Returning to LAUREL: A feel-good HGTV show sweeps a Southern town's racist past, and gentrified present, under the rug.

AuthorOdell, Jonathan
PositionLaurel, Mississippi

When I tell people where I grew up, they say, "Oh, is that the Laurel, Mississippi, on HGTV?" Then they gush, "It sounds just like Mayberry!" parroting one of the perky hosts on the blockbuster home improvement show Home Town.

I suspected the show was repackaging my memories for popular consumption, because my Laurel was no Mayberry. As far as I know, the fictional TV Utopia wasn't 69 percent people of color with some of the highest rates of poverty and crime in the nation, not to mention being home to some of the most horrific acts of racism in the South.

Jonathan Odell is the author of three novels, and his essays and short stories have appeared in The New York Times, Commonweal, Publishers Weekly, the Baltimore Review, the Utne Reader, and elsewhere. He lives in Minneapolis with his husband.

Here's a snapshot of the Laurel I knew: On May 8, 1951, while my mother was waiting to give birth to me at the towns Masonite Clinic, only six blocks away at the courthouse, Willie McGee, a Black man, was being legally McGee, a Black man, was being legally lynched to the cheers of more than a thousand white citizens.

A few blocks east lived a business owner and Sunday school teacher named Sam Bowers, soon to become the Ku Klux Klan imperial wizard of Mississippi Burning fame. The FBI later investigated Bowers, and he was charged alongside several other pillars of our community--including the Jay-cees' 1968 Man of the Year--with carrying out another infamous atrocity of the civil rights era: firebombing the home of voting rights activist Vernon Dahmer, killing him. We were told by our community leaders to put these incidents behind us and never speak of them again, and we white residents did. Most still do.

In the 1970s, the city fell victim to the trends besetting most small Southern towns after integration. Private segregation academies arose so that white students could avoid going to school with Black students. White residents fled the city limits into the county, and housing values plummeted. No longer confined to the other side of the tracks, the newly emerging majority could move into neighborhoods where they were once welcomed only as domestic or yard workers.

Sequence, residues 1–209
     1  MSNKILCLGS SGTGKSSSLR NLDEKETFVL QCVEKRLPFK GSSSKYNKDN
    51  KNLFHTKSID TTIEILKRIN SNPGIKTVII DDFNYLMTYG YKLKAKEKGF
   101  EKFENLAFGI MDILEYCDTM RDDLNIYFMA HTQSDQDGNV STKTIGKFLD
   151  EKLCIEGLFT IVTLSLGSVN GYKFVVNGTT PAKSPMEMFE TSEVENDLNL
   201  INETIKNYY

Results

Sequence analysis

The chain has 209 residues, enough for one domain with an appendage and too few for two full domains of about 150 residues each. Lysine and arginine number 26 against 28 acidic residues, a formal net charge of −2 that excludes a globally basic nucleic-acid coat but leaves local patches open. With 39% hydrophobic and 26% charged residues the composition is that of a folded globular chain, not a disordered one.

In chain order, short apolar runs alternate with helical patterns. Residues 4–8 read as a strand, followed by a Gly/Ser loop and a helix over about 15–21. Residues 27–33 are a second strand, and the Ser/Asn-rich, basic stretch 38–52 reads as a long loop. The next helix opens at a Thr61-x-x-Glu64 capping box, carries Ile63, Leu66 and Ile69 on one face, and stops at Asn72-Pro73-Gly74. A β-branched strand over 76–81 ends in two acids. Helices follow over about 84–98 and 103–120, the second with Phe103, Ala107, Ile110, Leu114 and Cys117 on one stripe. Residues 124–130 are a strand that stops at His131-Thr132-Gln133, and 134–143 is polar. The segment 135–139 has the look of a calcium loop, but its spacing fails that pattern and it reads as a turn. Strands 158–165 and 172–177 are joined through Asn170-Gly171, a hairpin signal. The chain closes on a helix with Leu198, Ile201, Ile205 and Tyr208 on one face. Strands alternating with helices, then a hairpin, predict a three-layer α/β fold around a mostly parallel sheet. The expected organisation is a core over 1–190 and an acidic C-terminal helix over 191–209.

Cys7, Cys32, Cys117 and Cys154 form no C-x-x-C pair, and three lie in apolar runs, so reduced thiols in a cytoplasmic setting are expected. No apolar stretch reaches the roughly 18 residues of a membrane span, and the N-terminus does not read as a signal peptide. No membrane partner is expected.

The mass exodus of white people left Laurel with a diminished tax base and decaying infrastructure. The downtown district suffered, and houses and entire neighborhoods fell into disrepair. Eventually, the downtown area and the seven-block historic district dominated by magnificent mansions built by lumber barons became a shrinking white sliver in a predominantly African American pie.

When I visited in 2015 to bury my mother, what wasn't already dead in the city seemed to be on life support.

That's what an HGTV crew saw when they arrived in Laurel that same year: A down-and-out city in dire need of saving--with plenty of cheap housing stock--and not least, an unsavory history of racism, violence, and economic oppression that badly needed a makeover.

After binge-watching several seasons of Home Town, I have to admit, I saw the draw. By restoring Laurel one house at a time, the hosts claim to be building a close-knit, values-driven community that hearkens back to the idealized past that white people like to picture. After watching, even I was longing for this Laurel that never existed.

The hosts, husband-and-wife team Ben and Erin Napier, certainly seem...

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